The justices then pressed Hart with hypotheticals. If Ford had asked a receptionist at the clinic to report Expose’s threats, asked Justice David Stras, “would your agency theory reach the receptionist?”

No, Hart answered, because unlike Mattson, that hypothetical receptionist would not be practicing under the auspices of Ford’s license.

Justice David Lillehaug wanted to know: Are there any constraints on what information Mattson could disclose? Could she properly surrender her session notes to police and prosecutors?
Mattson was required to make a reasonable effort to convey the threat, Hart responded, “and what could be more a reasonable effort than to turn over the notes that memorialized that threat?”

Could she then “disgorge” all of Expose’s records without violating privilege? asked Lillehaug.

“As long as it is a good-faith effort to disclose the threat,” Hart answered.

Hart further urged the justices to focus on the larger purpose of the duty-to-warn statute — averting violence.

“The micro-analysis of every word misses out on what the statute is supposed to do,” he opined. “This is not supposed to be a gotcha statute.”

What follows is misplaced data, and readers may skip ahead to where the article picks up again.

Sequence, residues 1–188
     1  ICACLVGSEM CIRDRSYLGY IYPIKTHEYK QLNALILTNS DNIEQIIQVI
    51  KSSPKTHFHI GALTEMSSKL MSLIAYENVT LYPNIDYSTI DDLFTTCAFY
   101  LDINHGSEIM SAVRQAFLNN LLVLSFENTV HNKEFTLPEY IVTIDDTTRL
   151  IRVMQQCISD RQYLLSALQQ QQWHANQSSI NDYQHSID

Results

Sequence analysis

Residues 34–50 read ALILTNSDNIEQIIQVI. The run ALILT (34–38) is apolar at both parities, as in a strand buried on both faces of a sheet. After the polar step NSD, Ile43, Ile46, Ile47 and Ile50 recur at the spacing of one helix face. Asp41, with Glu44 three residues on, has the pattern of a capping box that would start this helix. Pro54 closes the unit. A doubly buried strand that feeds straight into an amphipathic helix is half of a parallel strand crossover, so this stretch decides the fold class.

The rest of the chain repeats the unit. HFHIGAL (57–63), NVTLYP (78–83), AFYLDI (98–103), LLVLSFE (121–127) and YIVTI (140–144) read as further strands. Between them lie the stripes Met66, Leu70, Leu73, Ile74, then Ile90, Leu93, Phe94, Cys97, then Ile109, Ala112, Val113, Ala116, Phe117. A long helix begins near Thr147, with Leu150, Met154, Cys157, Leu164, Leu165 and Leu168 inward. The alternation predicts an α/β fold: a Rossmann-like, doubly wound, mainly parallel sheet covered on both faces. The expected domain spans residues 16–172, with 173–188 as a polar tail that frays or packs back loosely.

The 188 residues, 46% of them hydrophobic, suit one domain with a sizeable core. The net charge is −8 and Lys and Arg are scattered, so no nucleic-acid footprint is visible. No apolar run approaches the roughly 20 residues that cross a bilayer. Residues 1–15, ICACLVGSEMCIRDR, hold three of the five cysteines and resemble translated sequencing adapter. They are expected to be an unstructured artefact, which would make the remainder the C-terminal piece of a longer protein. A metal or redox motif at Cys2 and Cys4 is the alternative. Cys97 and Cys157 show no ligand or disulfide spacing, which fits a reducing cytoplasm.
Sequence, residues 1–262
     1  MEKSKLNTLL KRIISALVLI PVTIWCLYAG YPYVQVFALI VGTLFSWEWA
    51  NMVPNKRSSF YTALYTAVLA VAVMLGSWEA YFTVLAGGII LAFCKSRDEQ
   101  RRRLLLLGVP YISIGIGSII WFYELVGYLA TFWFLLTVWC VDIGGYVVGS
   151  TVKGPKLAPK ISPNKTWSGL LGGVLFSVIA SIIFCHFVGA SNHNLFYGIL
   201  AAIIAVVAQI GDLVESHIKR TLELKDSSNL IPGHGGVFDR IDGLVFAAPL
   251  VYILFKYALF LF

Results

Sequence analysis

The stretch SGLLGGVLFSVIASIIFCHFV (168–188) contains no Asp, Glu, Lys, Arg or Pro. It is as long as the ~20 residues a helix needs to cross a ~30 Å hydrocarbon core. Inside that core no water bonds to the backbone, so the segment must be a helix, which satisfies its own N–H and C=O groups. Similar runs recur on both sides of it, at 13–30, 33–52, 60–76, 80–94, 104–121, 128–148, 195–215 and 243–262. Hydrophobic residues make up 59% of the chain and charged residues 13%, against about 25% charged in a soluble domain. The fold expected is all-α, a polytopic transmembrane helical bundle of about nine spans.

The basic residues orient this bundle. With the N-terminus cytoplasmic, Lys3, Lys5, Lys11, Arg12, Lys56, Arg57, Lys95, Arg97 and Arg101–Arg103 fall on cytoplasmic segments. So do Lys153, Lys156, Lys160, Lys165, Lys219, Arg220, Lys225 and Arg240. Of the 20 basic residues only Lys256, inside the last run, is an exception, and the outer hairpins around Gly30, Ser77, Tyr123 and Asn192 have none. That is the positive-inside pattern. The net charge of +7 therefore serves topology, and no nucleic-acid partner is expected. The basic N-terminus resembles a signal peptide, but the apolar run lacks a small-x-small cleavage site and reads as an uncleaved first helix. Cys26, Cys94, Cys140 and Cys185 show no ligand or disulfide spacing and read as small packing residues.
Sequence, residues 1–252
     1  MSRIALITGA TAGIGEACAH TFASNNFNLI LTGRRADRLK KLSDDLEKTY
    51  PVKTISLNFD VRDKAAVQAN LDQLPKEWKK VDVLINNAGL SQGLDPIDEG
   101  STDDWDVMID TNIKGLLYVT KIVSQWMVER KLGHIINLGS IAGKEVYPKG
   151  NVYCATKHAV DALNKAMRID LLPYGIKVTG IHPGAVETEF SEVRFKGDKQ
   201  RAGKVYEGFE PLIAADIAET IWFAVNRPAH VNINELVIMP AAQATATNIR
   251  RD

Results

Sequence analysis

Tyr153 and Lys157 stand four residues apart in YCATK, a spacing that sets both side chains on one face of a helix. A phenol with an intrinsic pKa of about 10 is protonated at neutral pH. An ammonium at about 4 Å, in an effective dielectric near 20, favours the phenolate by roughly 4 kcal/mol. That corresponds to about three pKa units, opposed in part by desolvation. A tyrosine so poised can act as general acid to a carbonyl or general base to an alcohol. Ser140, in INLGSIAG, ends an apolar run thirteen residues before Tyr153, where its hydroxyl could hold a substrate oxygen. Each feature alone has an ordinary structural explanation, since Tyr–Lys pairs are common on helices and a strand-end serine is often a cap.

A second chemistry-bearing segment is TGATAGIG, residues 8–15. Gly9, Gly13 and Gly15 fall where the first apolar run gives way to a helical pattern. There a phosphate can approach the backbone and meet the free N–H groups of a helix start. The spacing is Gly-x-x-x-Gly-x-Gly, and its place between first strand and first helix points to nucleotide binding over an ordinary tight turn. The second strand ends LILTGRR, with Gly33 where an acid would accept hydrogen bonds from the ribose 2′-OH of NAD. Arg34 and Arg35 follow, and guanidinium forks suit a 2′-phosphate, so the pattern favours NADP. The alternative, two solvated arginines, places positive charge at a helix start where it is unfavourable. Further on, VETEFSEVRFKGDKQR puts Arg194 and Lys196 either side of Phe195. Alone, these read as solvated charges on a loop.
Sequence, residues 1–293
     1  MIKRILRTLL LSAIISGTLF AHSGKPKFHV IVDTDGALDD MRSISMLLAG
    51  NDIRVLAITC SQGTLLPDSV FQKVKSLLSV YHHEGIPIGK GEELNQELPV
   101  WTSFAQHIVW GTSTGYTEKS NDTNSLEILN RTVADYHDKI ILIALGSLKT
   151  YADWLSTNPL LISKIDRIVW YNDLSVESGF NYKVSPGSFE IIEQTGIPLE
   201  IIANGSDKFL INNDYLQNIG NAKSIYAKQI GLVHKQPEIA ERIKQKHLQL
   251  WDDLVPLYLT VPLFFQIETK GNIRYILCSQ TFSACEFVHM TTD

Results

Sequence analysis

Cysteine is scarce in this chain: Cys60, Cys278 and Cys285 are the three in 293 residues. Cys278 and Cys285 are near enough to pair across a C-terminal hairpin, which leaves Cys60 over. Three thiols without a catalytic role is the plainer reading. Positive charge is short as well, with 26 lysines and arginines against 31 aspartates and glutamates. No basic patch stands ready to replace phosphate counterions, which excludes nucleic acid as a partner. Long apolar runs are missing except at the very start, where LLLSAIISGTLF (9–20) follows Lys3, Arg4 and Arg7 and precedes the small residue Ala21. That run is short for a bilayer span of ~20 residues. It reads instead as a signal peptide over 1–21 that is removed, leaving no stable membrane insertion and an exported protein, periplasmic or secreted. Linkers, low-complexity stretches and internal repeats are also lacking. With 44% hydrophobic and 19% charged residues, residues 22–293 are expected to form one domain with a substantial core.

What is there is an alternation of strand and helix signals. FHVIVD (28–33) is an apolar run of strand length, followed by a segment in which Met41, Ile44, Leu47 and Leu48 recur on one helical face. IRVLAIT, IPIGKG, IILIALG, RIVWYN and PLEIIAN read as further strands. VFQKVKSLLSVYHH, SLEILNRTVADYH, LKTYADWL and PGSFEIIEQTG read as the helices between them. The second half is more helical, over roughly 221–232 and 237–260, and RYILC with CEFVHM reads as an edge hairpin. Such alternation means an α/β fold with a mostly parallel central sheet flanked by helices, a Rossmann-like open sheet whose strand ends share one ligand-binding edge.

Assuming that Mattson is covered under agency theory, Lillehaug later asked Brown, do her “good faith” efforts to assist police and prosecutors still violate the confidentiality requirements of the Minnesota Health Records Act?

“I believe there is a difference between a good faith and naïvety,” Brown answered. Even assuming she had a duty to warn, Brown added, she satisfied her statutory obligation once she
initially notified the police and the county child protection worker about Expose’s statements.

Hard to avoid liability

In an interview after the hearing, Brown declined to hazard a guess on how the high court will come down. But if the justices affirm the earlier decision from the Court of Appeals and permit Expose’s civil lawsuit to go forward, Brown ventured, Mattson and the clinic “will be hard pressed to avoid liability.”

In amicus briefs, the Minnesota Psychological Association and the Minnesota Board of Psychology warned about the ramifications of such an outcome. If there is no immunity for therapists-in-training like Mattson under the duty-to-warn statute, they contended, it could disrupt the current practice model for therapists and make it virtually impossible for trainees to fulfill requirements for licensure.

Brown said he is not persuaded by such arguments.

“This is about their business model, which says we can have these students provide mental health care so we want to make sure they’re covered [by the duty-to-warn statute],” said Brown. They should consider it from his client’s perspective, he added.

“I can’t imagine what it’s like to be Jerry Expose, to be ordered to go to anger management therapy and encouraged to share his thoughts and then have those thoughts broadcast not only in a public courtroom, but also in private conference call with a prosecutor whose only goal is to put him in jail,” Brown said. “I think that’s fundamentally wrong.”